A Belgian security researcher has discovered a method to overwrite and hijack the firmware of Tesla Model X key fobs, allowing him to steal any car that isn't running on the latest software update.
The attack, which only takes a few minutes to execute and requires inexpensive gear, was put together by Lennert Wouters, a PhD student at the Computer Security and Industrial Cryptography (COSIC) group at the Catholic University of Leuven (KU Leuven) in Belgium.
This is Wouters' third Tesla hack in as many years, with the researcher publishing two other Tesla attacks in 2018 and 2019, respectively.
Attack exploits bug in key fob update system
According to a report published today, Wouters said this third attack works because of a flaw in the firmware update process of Tesla Model X key fobs.
The flaw can be exploited using an electronic control unit (ECU) salvaged from an older Model X vehicle, which can be easily acquired online on sites like eBay or any stores or forums selling used Tesla car parts.
Wouters said attackers can modify the older ECU to trick a victim's key fob into believing the ECU belonged to its paired vehicle and then push a malicious firmware update to the key fob via the BLE (Bluetooth Low Energy) protocol.
"As this update mechanism was not properly secured, we were able to wirelessly compromise a key fob and take full control over it," Wouters said. "Subsequently we could obtain valid unlock messages to unlock the car later on."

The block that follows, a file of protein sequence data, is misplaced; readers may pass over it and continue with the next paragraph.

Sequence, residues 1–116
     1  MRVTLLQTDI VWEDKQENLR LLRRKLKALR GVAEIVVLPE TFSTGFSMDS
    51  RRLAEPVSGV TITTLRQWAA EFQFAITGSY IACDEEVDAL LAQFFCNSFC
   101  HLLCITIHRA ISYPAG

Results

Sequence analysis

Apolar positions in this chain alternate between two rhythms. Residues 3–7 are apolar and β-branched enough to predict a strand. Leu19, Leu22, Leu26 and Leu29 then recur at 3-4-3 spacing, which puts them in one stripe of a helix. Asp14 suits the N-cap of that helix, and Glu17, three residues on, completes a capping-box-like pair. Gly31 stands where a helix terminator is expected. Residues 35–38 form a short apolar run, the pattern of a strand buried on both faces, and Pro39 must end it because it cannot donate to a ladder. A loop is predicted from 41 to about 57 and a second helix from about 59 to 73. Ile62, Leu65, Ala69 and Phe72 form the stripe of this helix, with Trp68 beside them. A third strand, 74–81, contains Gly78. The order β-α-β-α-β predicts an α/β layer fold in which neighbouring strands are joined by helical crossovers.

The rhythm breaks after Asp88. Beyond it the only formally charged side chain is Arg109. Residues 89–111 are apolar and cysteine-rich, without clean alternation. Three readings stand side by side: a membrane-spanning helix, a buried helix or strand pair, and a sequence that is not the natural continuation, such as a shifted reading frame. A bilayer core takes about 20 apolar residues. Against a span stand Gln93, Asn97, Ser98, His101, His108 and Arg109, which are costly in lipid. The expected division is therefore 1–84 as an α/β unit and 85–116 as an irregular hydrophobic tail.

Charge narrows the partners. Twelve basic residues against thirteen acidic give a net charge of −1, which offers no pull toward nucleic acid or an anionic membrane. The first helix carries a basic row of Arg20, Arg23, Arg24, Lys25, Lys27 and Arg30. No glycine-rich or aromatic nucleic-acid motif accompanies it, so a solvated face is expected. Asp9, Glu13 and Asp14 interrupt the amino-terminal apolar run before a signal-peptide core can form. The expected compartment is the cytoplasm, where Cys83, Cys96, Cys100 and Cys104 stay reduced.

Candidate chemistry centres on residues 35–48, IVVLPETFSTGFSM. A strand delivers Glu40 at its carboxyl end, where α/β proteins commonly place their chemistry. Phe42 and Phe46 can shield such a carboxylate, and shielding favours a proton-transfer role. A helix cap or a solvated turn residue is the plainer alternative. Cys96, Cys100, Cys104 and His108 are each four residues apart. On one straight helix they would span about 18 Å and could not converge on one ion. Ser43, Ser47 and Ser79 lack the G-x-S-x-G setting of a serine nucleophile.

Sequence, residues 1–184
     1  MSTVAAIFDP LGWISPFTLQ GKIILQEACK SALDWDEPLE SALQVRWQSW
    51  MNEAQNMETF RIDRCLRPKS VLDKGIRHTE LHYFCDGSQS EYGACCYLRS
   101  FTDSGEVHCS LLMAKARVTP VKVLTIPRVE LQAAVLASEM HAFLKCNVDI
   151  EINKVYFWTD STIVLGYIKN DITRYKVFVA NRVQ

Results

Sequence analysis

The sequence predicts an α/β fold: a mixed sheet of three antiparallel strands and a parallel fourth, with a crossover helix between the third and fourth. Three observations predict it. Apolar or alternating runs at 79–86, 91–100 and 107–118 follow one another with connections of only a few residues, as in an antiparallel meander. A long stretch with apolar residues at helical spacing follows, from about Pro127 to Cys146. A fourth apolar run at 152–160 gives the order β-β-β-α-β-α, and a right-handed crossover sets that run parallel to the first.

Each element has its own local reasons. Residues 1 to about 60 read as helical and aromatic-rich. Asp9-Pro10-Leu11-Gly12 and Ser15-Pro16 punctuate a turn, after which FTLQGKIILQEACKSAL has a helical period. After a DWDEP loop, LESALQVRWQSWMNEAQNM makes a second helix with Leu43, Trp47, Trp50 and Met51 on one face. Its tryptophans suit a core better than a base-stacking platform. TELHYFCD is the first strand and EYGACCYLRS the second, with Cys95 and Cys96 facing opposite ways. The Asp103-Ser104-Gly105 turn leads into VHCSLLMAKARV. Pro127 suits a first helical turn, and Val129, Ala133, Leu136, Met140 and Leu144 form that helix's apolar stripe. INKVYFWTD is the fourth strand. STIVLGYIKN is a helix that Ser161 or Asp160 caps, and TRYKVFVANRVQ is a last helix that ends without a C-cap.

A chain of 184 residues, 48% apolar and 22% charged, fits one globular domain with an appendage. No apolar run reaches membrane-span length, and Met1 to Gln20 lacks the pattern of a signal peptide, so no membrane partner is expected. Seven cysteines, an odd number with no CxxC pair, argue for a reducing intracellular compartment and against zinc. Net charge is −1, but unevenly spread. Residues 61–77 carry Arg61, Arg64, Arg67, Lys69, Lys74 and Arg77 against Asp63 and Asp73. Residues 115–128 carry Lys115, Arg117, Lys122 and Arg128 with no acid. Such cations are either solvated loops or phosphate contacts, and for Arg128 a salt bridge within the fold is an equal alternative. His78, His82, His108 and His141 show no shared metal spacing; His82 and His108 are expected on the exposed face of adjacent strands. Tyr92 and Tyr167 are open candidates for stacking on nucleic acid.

The steps of the attack are detailed below:
Attacker approaches the owner of Tesla Model X vehicle. The attacker needs to get as close as 5 meters to the victim in order to allow the older modified ECU to wake up and ensnare the victim's key fob.
The attacker then pushes the malicious firmware update to the victim's key fob. This part requires around 1.5 minutes to execute, but the range also goes up to 30 meters, allowing the attacker to distance themselves from the targeted Tesla owner.
Once a key fob has been hacked, the attacker extracts car unlock messages from the key fob.
The attacker uses these unlock messages to enter the victim's car.
The attacker connects the older ECU to the hacked Tesla car's diagnostics connector — normally used by Tesla technicians to service the car.
The attacker uses this connector to pair their own key fob to the car, which they later use to start the vehicle and drive away. This part also takes a few minutes to execute.
The only downside of this attack is the relatively bulky attack rig, which would be easy to spot unless concealed inside a backpack, bag, or another car.
Nonetheless, the attack rig isn't expensive, requiring a Raspberry Pi computer ($35) with a CAN shield ($30), a modified key fob, an older ECU from a salvaged vehicle ($100 on eBay, and a LiPo battery ($30).
Below is also a video of the entire attack steps and the attack rig.
Wouters said he discovered the bug earlier this summer and reported it to Tesla's security team in mid-August.
The researcher has published his findings today after Tesla began rolling out an over-the-air software update to all its Model X cars this week. The software update where this bug has been fixed is 2020.48, according to Wouters.